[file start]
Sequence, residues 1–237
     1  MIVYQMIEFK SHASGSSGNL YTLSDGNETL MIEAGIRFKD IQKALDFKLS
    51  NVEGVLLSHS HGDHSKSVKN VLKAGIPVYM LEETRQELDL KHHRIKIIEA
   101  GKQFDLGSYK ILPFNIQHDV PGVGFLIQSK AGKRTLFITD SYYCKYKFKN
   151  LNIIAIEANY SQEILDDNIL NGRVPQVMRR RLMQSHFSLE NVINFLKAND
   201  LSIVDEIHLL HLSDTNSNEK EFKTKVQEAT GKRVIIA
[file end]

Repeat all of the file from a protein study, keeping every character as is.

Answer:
Sequence, residues 1–237
     1  MIVYQMIEFK SHASGSSGNL YTLSDGNETL MIEAGIRFKD IQKALDFKLS
    51  NVEGVLLSHS HGDHSKSVKN VLKAGIPVYM LEETRQELDL KHHRIKIIEA
   101  GKQFDLGSYK ILPFNIQHDV PGVGFLIQSK AGKRTLFITD SYYCKYKFKN
   151  LNIIAIEANY SQEILDDNIL NGRVPQVMRR RLMQSHFSLE NVINFLKAND
   201  LSIVDEIHLL HLSDTNSNEK EFKTKVQEAT GKRVIIA